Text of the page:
Charges that the program abused its creatures in training came up empty when investigated by the presidentially appointed Marine Mammal Commission in 1988 and 1990. Not only was its dolphin survival rate found to be slightly higher than that of dolphins in the wild, but since 1989 the program hasn't "collected" adult dolphins -- preferring to rely on born-in-program animals.
None of that impresses animal rights advocates. "Wars are human endeavors," stated an action alert from People for the Ethical Treatment of Animals complaining about the Pentagon's using marine mammals as well as chickens, pigeons and dogs to detect biochemical weapons in Iraq. "The U.S. military is deliberately putting animals in harm's way."
Olivia de Bergerac of the Dolphin Society, an Australia-based nonprofit research group that advocates rights for marine mammals, says the military missions conflict with the Declaration of Rights for the People of the Sea, the group's proposal to extend the United Nations' Universal Declaration of Human Rights to marine mammals. "The training and the risk involved in such use of dolphins is slavery and servitude," says de Bergerac.
William W. Rossiter, president of Cetacean Society International, a marine mammal protection group in Georgetown, Conn., says: "We believe that there is something evil, unethical and immoral about using children as human shields. They cannot understand the purpose or the danger, their resistance is weak, and it is not their conflict. We believe the same rules should apply to the use of innocent dolphins."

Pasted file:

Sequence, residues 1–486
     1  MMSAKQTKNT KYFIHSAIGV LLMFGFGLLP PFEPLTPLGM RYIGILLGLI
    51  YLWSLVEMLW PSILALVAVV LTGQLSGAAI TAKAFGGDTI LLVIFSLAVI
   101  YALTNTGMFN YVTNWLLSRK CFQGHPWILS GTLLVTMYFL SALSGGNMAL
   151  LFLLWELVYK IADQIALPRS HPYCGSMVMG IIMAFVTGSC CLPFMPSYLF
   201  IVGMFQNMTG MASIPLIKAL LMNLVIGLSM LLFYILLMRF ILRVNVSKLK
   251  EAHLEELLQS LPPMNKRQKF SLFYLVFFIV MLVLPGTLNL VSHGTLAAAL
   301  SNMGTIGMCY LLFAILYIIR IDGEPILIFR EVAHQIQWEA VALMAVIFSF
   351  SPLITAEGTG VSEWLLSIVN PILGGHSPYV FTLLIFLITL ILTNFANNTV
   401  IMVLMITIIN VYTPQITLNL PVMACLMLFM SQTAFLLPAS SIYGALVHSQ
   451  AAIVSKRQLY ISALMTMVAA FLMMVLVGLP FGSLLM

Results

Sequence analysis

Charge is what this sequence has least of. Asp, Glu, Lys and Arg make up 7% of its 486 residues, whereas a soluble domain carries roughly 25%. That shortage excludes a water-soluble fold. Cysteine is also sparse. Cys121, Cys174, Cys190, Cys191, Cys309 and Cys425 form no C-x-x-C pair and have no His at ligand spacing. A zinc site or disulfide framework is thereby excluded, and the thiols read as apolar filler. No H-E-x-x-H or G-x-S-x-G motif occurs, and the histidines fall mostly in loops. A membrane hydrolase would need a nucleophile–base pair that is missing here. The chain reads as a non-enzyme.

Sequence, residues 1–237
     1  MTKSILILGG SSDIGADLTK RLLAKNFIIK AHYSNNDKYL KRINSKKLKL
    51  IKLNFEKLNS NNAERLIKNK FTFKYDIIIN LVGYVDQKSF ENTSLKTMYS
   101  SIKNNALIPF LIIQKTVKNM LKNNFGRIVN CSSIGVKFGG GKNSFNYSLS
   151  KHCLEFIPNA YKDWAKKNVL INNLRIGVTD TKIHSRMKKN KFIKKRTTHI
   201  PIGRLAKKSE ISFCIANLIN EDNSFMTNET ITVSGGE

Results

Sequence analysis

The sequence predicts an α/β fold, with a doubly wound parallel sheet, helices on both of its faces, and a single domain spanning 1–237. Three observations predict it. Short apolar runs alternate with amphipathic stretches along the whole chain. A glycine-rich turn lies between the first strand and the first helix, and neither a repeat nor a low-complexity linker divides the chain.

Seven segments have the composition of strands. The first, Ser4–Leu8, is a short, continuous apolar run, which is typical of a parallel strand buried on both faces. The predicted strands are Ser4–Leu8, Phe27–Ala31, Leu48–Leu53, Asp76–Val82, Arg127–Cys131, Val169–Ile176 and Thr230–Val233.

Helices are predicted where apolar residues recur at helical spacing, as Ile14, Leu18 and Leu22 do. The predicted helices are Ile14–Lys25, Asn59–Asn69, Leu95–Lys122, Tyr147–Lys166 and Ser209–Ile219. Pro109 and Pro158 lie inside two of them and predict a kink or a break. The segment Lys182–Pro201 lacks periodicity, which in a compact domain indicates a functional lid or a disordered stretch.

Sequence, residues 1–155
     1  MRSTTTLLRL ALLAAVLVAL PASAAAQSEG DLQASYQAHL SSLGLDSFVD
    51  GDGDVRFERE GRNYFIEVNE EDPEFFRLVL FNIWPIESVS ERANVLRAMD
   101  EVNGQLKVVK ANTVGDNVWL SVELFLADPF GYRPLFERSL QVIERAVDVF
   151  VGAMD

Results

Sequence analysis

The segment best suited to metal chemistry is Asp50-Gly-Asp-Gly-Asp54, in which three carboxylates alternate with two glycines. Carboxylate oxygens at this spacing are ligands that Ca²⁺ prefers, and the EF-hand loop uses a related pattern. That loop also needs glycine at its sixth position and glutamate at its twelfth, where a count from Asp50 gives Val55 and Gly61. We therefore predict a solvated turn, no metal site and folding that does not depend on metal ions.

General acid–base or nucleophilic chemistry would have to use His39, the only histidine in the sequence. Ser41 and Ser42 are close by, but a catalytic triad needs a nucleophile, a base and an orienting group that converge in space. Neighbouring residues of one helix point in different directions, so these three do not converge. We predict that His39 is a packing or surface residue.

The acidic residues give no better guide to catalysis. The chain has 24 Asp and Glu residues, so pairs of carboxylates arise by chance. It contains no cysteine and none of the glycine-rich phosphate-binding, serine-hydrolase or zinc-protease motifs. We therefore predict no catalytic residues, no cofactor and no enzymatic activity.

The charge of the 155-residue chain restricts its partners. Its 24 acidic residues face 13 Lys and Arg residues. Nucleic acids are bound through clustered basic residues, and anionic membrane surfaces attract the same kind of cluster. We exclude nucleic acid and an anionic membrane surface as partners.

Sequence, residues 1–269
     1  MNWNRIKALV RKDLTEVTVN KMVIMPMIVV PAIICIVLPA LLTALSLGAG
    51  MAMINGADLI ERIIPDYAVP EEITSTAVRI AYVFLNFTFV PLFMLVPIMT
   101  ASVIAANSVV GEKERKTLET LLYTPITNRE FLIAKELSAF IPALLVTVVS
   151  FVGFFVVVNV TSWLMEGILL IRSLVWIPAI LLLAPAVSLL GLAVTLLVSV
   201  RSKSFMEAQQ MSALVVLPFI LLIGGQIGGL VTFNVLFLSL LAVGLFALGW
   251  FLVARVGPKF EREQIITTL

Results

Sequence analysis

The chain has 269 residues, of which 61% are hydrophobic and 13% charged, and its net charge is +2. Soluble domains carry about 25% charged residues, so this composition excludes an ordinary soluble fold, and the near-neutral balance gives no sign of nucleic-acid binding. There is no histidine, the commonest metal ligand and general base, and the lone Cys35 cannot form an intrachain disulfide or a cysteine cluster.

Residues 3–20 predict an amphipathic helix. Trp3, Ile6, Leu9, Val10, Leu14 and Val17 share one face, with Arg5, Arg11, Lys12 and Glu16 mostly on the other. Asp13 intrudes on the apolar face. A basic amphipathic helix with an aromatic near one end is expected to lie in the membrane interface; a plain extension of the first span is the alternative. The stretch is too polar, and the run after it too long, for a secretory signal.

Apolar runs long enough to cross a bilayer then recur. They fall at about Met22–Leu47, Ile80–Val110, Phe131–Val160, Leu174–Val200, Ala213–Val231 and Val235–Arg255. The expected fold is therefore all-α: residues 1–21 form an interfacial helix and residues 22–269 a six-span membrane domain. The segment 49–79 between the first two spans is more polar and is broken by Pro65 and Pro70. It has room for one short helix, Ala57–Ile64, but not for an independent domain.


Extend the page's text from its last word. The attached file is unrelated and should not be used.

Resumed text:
LaPuzza stresses that the Navy's program takes pains to keep its animals safe. Sea lions swim away so quickly after cuffing a diver that they virtually disappear, and dolphins are trained not to go close to the mines. "They aren't in any risk," he insists.
The program is so determined to minimize risk to the animals, says LaPuzza, that its long-term mission is to replicate the marine mammals' extraordinary biological sonar in unmanned underwater vehicles.
"The people who run this program are animals lovers of the finest kind," says LaPuzza. "We're just taking advantage of their capabilities."